"We're not your typical park," O'Hara told CBC Toronto. "The entire central part of the Common is like the rest of Fort York — a registered archaeological site."
O'Hara says many people have moved to the area over the last few years, and more are coming, which could cause problems for a sensitive area like the 155-year-old cemetery.
A new pedestrian bridge, called Garrison Crossing, will cross the train tracks to the north to make it easier for foot traffic to move from Trinity Bellwoods Park and the Common. As well, the highly anticipated Bentway project is set to open this winter, not to mention all the new condos going up in the area.
"There's thousands of new units going up around the fort," O'Hara told CBC Toronto. "A space that wasn't heavily used in the past is becoming increasingly used by all sorts of residents for walking their dogs and using it as a central part of the park system down here."
But he says they've been preparing for the influx of residents for quite some time. O'Hara says the fort welcomes new visitors to use the Garrison Common and Strachan cemetery as a thoroughfare. But, he says, they should also treat it with care.
"We want to move people through the space," said O'Hara. "And we want them to feel a sense of ownership when it comes to the fort."
'Service, sacrifice and commitment'
Warrant Officer Glenn Miller, retired after 25 years with the Royal Canadian Artillery, is a registered speaker for The Memory Project, which is an organization that brings schools and community groups together with veterans who volunteer to speak at events.
He says it's important for people to appreciate the fact that the military cemetery is so close to where they live.
"The country has been built on military participation throughout our history," Miller told CBC Toronto. "It's important that people know and understand the contribution that veterans have made, and to respect their service, sacrifice and commitment in helping to build their particular neighbourhood."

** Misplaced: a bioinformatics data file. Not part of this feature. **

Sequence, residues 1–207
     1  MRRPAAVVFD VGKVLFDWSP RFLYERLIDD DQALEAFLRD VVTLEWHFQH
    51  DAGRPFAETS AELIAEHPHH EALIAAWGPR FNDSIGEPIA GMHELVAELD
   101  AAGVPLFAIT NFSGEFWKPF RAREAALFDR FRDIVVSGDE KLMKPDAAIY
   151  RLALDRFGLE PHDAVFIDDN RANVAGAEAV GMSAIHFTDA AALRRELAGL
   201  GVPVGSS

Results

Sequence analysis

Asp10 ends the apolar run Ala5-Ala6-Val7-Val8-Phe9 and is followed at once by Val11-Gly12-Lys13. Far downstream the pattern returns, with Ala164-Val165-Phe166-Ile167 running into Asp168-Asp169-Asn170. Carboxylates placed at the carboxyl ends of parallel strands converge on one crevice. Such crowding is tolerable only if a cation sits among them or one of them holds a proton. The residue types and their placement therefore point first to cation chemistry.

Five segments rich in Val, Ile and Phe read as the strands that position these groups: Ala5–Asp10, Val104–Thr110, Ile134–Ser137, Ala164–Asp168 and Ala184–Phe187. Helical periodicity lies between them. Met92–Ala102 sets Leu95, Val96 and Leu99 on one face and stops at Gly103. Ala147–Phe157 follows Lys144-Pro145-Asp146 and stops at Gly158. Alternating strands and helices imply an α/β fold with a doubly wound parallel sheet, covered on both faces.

Fort York will hold a Remembrance Day ceremony at the memorial that stands on the cemetery site. Miller says people walking through the site that day, or any other, should keep those soldiers buried below in mind as they pass through the park.
"For many Canadians, they've never had the worry of having someone else's tank drive down their neighbourhood," said Miller. "We are fortunate to enjoy that freedom ... at a cost that's quite cheap compared to other countries."
Marc Lescoutre, a spokesperson for Veterans Affairs Canada, spoke to CBC Toronto about the issue.
"We would remind Canadians that these are special places, and ask them to remain respectful when visiting monuments war memorial and other sacred landmarks," said Lescoutre.
Ancient Human-Powered Transportation Coming to The Bentway
by Kasia Gladki
If you’ve been to the fort recently, you will have seen perimeter fencing, trailers, cement pourers, and other construction machinery. This is the foundation of what will become The Bentway and is the work of The Bentway’s construction manager, Peter Keiwit Sons ULC—who are on site every weekday, with over 130 skilled labourers and more than 50 subcontractors, turning our vision into a reality.
There are many things happening on the site each and every day. Substantial excavation work has already taken place and more than 1420 metres of utility piping has been installed, which is the equivalent of ten football fields. Above and below ground electrical conduits are in place that will power lighting fixtures throughout the site. The roof deck of the Gardiner has actually helped to keep things on track, offering a shelter from the wet weather.
With winter skate season coming up, we are especially excited to see the fantastic progress on the skate trail and icehouse. Ice skating has been called the oldest human-powered means of transportation; skate artefacts have been found in Scandinavia and Russia going back 5000 years. Our skating trail is a bit more modern than that. The 220-metre skating trail uses a refrigeration system: 13,746 metres of embedded piping, which is connected to the refrigeration system in the skating shed, carries coolant throughout the trail. When activated the coolant travels through the pipes to take the heat from the surface and distribute it to the refrigeration equipment. This means that ice production is less weather-dependant and visitors will be able to enjoy the trail throughout the winter. The foundation and walls of the icehouse are underway and surface concrete for the trail is being poured right now. If all goes well, we’ll be skating this December!
Kasia Gladki is manager of communications, The Bentway Conservancy.